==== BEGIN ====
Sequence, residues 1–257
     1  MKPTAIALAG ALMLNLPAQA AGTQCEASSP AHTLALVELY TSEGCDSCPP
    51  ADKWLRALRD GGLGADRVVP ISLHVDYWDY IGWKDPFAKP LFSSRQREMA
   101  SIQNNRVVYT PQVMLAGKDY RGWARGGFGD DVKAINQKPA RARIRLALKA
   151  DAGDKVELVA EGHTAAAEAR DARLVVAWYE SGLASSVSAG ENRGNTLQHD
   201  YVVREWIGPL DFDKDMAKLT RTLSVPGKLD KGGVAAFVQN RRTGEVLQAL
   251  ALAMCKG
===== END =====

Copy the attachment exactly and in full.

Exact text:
Sequence, residues 1–257
     1  MKPTAIALAG ALMLNLPAQA AGTQCEASSP AHTLALVELY TSEGCDSCPP
    51  ADKWLRALRD GGLGADRVVP ISLHVDYWDY IGWKDPFAKP LFSSRQREMA
   101  SIQNNRVVYT PQVMLAGKDY RGWARGGFGD DVKAINQKPA RARIRLALKA
   151  DAGDKVELVA EGHTAAAEAR DARLVVAWYE SGLASSVSAG ENRGNTLQHD
   201  YVVREWIGPL DFDKDMAKLT RTLSVPGKLD KGGVAAFVQN RRTGEVLQAL
   251  ALAMCKG